Decomposing the estimates of total species richness into the a priori species assemblages, we found that most of the relationships were driven by changes in the two groups of willow-dependent species, especially the willow ground-breeding species. In terms of mechanisms, the effect of areal extent of willow thickets on especially willow ground-breeding birds in our study is likely related to predation, the primary agent of avian nest mortality [79], [80]. In our study areas, several predators of small to medium sized birds, both avian (e.g. raven Corvus corax, Hooded crow Corvus cornix and Long-tailed skua Stercorarius longicaudus) and mammalian (e.g. red fox Vulpes vulpes, stoat Mustela erminea and least weasel Mustela nivalis), are present during the breeding season. Several studies have reported elevated rates of predation in fragmented landscapes, small habitat remnants and along habitat edges [79], [80]. Accordingly, some studies have found that avian [79][82] as well as some mammalian (e.g. stoat and foxes; [83] and references therein, [84]) predators are more common along habitat edges than in the habitat interior. Thus, a high predation pressure might promote an increased aggregation of birds in larger and more homogenous patches, as large homogeneous patches of willows are likely to reduce the accessibility to patch interiors of especially avian, but also mammalian, predators.

Under the predicted climate driven shrub encroachment of tundra [22], [85] our study shows that most bird species related to riparian willow habitats could be expected to benefit. While the willow shrub state may rapidly replace the meadow state of the riparian plains in a warmer climate, the meadows appeared to be little used by the focal bird community compared to willow thickets and heaths (Table 1). Short-statured vegetation will still remain available for open tundra specialists in the oligotrophic heath habitats, at least until trees finally encroach on this stratum of the tundra landscape. The latter processes is however, expected to be much slower than the encroachment of shrubs in eutrophic riparian habitats (Sturm 2010). On the other hand, in parts of the Eurasian Arctic tundra, where ungulates, such as reindeer, have increased substantially during the last 20–30 years [15], [26], [34], [35], there is evidence that heavy grazing may be the dominating impact on willow thicket areal extent. For instance, from Fennoscandia there is evidence that heavy grazing by reindeer may significantly control deciduous shrub growth [32], [36], and currently prevent the disappearance of short-statured tundra vegetation [37]. Hence, our study provides further support to the hypothesis that large herbivores may impact species and diversity negatively [6], [25], [75]. Our results clearly show that if willow thickets become extensively reduced in terms of areal extent many species will decline and possibly disappear.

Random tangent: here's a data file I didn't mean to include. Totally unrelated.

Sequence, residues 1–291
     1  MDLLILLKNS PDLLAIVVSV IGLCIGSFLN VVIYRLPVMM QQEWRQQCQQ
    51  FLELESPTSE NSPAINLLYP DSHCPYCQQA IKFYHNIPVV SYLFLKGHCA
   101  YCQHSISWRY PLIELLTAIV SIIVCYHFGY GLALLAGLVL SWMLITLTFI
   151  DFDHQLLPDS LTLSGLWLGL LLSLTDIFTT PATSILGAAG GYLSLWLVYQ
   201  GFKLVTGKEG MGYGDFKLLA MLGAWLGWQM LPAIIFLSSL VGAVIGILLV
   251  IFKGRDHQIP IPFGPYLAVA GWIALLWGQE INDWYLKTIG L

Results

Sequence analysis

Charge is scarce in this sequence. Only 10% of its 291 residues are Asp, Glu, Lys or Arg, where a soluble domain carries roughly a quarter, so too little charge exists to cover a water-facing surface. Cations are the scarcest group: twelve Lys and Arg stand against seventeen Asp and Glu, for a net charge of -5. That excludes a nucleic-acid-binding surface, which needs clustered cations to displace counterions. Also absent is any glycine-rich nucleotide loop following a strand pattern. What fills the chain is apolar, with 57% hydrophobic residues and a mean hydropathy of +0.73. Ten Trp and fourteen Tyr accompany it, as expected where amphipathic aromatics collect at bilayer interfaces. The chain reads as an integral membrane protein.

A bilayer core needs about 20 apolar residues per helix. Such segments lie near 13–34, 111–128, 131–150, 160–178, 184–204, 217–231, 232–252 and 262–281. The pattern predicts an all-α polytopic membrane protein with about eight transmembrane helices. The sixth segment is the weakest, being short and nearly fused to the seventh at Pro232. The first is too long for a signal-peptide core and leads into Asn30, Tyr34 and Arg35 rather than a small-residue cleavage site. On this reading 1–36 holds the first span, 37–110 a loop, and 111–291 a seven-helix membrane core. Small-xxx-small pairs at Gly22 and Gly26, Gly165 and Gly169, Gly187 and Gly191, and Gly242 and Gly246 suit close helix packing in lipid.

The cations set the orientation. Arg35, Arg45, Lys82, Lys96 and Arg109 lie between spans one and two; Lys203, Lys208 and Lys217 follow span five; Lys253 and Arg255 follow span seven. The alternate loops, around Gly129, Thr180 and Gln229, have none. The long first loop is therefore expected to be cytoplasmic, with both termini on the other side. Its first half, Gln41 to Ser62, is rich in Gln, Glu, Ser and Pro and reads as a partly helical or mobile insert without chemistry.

Supporting Information

Appendix S1.

Supporting tables and figures.

https://doi.org/10.1371/journal.pone.0063312.s001

(DOCX)

Appendix S2.

Species specific estimates of occupancy, detection, and slope estimates of area and fragmentation variables.

https://doi.org/10.1371/journal.pone.0063312.s002

(XLSX)

Acknowledgments

We are grateful to Raymond Sørensen and Phillip D. Mellison for assistance with extraction of willow configuration variables from FRAGSTATS. We also greatly appreciate the comments made by Marc Kéry on an earlier version of the manuscript. The authors would also like to thank Geir Vie for the collection of the species data from point-transects run in one region since 2005.

Author Contributions

Conceived and designed the experiments: JAH NGY RAI. Performed the experiments: RAI. Analyzed the data: JAH NGY. Contributed reagents/materials/analysis tools: KL. Wrote the paper: JAH RAI.